Critical Muslim's Syria issue approaches the diversity of this rich culture as it is reborn through revolution, tortured by repression, and traumatised by war. Thomas Pierret illuminates the varying positions of Syria's Muslims and Islamists; Rasha Omran writes about being an Alawi revolutionary; Robin Yassin-Kassab investigates the revolution's artistic and cultural shifts; Firas Massouh appraises the role of workers and the left inside Syria; Louis Proyect castigates leftists in the West; Nader Attasi examines the successes of the revolutionary committees and the failures of opposition political elites; Hassan Hassan recounts the rise, fall and rise again of the Muslim Brotherhood's Syria branch; Razan Ghazzawi questions her atheism under fire; Omar Hossi presents the town of Selemmiyeh as a n-sectarian model; Ross Burns asks what's become of Syria's unparalleled archeological heritage. Plus poetry from Golan Hajji, prose from Zakkariya Tamer and Lina Sergie Attar, an appreciation of Adonis's verse, satire from Karl Sharro, and 'the story of the bra'.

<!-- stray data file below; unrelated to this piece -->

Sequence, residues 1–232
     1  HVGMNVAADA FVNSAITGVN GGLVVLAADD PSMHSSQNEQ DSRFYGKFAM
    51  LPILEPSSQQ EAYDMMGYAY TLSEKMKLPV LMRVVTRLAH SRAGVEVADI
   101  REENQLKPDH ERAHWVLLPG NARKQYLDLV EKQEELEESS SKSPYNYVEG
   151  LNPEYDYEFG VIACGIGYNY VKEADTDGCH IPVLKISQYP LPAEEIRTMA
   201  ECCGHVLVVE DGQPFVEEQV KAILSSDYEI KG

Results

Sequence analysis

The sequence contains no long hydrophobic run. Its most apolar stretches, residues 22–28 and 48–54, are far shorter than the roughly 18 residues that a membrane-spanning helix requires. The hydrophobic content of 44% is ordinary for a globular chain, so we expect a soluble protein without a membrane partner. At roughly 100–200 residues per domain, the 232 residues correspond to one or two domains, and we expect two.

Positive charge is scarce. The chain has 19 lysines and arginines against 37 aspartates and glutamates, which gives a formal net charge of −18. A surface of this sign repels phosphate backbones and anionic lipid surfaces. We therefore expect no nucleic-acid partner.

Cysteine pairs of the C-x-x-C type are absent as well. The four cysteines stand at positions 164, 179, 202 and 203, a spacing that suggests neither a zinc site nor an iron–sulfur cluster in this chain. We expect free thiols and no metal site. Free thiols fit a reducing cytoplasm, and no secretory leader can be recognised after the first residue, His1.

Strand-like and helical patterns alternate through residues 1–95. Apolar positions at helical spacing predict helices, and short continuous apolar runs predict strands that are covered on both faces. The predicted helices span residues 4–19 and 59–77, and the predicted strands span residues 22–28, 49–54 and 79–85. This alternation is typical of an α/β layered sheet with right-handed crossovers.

Ziauddin Sardar is a renowned writer, broadcaster and cultural critic. A former columnist on the New Statesman, he has also served as a Commissioner on the Equality and Human Rights Commission. He is professor of Law and society at Middlesex University, and the author of numerous books, the most recent being Reading the Qur'an (Hurst); Desperately Seeking Paradise: Journeys of a Sceptical Muslim (Granta); What Do Muslims Believe? (Granta); and Balti Britain: A Provocative Journey Through Asian Britain (Granta). Robin Yassin-Kassab is the author of the acclaimed novel, The Road From Damascus (Penguin). Born in west London, he has lived and worked in France, Pakistan, Turkey, Syria, Morocco, Saudi Arabia and Oman. He is a regular contributor to the literary pages of The Guardian and The Independent.